In Spring 2009, a study was implemented to the determine the success of students
in courses utilizing On Course, relative to those who did not experience
the On Course curriculum.
In Spring 2009, 152 HD10
students completed the On Course pre and post self-assessments. The
results below show statistically significant differences in pre- and
post-assessments for all but one domain.
Post and Pre Test Results, (Max = 80, Min = 0)
P value less than the
significance level of 0.05 (*), 0.01 (**), and 0.001 (***)
More than 1,000 students across
four terms of HD10 were studied, with those experiencing the On Course
curriculum compared with those who did not. On Course students were
slightly more successful in math overall, but less successful at the basic
skills and transfer levels (see below). However, On Course students
attempted more transfer math classes than non On Course students. On
Course students performed best at the college prep, pre-transfer level with
success and retention rates 10 points higher than the non On Course
Math Success and Retention Rates by With Comparison
A similar pattern was found for
English but to a lesser degree where On Course students were more
successful in English classes overall compared to Non On Course students,
but were slightly less successful at the basic skills level. On Course
students showed the greatest success at the college prep level whose rate was 11
points higher than the non On Course group; retention was also high at
90% for this level.
English Success and Retention Rates by With Comparison
On Course students,
overall, had higher rates of passing transfer-level course in math and English
than Non On Course students when tracked for two years after the HD 10
Goal Achievement – Percentage Passing Transfer-level Math & English within Two Years
GPA Changes Over Time
While many factors contribute
to whether or not students are successful in their college courses, it is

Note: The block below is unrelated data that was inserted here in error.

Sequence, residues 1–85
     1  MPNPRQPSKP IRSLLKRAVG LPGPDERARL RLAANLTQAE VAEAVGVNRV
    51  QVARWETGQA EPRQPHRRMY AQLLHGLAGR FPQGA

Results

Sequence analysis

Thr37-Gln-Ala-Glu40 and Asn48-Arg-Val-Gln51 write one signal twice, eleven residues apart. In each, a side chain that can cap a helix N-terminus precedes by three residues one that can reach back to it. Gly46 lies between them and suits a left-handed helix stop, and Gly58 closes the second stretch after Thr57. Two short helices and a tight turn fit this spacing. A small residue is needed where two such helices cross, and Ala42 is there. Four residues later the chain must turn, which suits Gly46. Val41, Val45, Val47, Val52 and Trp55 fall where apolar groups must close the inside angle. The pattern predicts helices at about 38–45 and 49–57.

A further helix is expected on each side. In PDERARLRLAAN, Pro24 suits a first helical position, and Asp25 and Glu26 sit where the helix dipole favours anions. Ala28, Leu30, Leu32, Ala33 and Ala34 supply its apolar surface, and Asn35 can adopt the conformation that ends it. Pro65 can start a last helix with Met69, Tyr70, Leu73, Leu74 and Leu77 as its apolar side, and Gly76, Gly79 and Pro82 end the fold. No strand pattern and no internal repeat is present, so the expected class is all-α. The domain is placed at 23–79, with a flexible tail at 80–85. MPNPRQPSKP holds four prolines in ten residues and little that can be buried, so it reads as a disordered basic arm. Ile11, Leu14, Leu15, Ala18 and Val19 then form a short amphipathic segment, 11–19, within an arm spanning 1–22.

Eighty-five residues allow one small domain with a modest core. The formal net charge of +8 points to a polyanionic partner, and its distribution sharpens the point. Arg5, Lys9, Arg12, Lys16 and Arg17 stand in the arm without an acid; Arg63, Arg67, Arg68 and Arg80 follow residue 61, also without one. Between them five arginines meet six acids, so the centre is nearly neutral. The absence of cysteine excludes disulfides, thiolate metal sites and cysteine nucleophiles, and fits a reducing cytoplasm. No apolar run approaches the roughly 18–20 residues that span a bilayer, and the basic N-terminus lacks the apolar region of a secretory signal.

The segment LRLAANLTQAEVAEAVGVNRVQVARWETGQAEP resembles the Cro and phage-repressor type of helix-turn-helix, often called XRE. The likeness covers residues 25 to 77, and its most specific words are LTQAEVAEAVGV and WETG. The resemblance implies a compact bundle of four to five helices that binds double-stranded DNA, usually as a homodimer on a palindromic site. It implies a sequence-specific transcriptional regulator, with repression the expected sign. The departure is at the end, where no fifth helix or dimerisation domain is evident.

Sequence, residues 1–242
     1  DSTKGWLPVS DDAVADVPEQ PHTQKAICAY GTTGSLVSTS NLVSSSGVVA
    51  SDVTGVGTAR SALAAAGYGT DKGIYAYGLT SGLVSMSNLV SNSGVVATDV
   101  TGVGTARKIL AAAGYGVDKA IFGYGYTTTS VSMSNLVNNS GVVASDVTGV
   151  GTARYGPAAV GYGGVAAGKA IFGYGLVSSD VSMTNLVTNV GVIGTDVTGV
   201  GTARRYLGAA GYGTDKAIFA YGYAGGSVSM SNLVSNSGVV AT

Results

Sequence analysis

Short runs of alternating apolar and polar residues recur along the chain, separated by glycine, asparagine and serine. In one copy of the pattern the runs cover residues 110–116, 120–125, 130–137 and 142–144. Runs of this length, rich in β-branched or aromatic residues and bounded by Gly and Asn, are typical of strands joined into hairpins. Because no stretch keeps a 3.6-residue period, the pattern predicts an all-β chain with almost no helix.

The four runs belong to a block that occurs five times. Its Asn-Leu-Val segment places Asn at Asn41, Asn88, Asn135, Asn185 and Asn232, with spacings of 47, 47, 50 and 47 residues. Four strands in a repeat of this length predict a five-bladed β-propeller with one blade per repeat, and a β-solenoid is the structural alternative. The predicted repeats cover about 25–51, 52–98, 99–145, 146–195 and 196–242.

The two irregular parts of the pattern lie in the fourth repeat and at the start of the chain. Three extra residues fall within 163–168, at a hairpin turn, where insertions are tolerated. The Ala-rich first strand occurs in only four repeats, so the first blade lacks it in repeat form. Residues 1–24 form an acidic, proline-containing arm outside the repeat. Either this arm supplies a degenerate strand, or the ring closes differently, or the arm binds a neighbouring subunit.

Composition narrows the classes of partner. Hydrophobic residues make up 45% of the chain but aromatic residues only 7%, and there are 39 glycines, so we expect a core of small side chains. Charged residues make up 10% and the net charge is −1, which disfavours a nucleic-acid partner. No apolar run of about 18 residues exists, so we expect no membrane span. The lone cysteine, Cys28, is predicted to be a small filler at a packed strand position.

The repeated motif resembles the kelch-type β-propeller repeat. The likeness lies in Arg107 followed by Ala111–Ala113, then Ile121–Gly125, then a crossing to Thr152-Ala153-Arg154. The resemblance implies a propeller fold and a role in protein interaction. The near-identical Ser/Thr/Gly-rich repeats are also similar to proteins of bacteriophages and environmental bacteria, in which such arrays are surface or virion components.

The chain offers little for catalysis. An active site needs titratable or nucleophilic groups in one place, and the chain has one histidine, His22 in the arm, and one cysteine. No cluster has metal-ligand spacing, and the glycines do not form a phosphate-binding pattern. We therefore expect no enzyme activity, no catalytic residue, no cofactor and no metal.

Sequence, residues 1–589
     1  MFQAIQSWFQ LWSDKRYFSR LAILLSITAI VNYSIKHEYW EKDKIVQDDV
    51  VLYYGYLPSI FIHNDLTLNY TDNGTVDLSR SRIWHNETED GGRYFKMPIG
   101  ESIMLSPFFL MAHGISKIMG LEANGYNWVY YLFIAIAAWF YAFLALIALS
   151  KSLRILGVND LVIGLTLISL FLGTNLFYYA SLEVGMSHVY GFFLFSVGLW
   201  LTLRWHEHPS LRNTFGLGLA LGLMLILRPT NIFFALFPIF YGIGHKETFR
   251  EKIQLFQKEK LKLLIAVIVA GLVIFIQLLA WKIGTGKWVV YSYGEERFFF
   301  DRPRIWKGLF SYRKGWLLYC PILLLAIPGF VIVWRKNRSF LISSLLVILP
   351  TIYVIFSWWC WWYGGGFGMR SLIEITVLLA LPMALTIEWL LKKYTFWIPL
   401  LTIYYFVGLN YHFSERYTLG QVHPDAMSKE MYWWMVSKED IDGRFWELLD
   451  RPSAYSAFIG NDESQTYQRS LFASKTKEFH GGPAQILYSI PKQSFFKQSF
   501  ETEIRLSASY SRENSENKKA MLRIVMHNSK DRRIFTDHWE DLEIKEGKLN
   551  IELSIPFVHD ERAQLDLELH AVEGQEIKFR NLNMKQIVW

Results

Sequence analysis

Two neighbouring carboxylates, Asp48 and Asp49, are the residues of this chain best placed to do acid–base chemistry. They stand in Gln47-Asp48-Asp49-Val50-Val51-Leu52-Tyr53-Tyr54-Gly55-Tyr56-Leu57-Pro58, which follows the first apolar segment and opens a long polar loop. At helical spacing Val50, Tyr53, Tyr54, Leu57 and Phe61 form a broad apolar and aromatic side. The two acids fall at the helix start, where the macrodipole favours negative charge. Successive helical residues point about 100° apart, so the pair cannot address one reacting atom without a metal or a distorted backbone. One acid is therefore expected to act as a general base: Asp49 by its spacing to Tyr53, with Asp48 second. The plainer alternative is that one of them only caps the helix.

unclear why On Course students outperform non On Course students
in only the pre-transfer college prep courses, rather than across the board in
all levels of English and math. This issue will be examined more closely
in future studies of HD10.
from a report by Dr. Mary
Perkins, Associate Dean of Enrollment Management
In fall 2008, Elgin Community
College adopted On
Course as the text in a college success course that is required for all
first-time, full-time students. The course has been a requirement at ECC since
fall 2006. This one-credit course is called College Success, or COL 101, and its
purpose is to guide students through their transition to college by learning
essential success skills. Approximately 1,200 new students enroll in this
course annually. There are approximately 80 sections annually taught by
approximately 50 instructors. Instructors teaching COL 101 must complete
training annually and are provided with a number of tools and resources to
ensure the course is taught consistently and with high quality.
Analyses of student retention
show students who complete COL 101 are significantly more likely to return the
following term [22%-29%] and year [28%-34%] than those who did not
enroll. In addition, students who successfully complete the course are
more likely to return than those who completed earning grades of D, F, or W.
Conclusion: The On Course
approach to student success has a positive impact on the retention of new
Dr. Perkins summarizes the results as “Having taught this course using a study skills text previously and watching my students use the On Course text now, I am convinced that we are focusing on what they need. The topics of personal responsibility, self-management, self-awareness, self-motivation, and interdependence are issues that ALL students, regardless of ability level, are challenged with when they transition to a college environment. Moreover, the improvements in student success are compelling.”
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ILLINOIS VALLEY COMMUNITY COLLEGE (Illinois)
by Marianne Dzik, Dean, English, Mathematics and Education
Conclusion: The impact of the On Course program on retention became most pronounced in students' fourth semester. There, retention of On Course students was 17-18% higher than retention of students not in the On Course program.
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INVER HILLS COMMUNITY COLLEGE (Minnesota)
by Brenda S. Landes, IHCC Counselor
Research conducted by Danielle Ricard, IHCC Office of Institutional Effectiveness, shows significant improvements in the retention of students participating in these retention strategies when compared to the general population of new students. These increased retention rates hold true from fall semester to spring semester, but also from fall 07 to fall 08 (see charts below).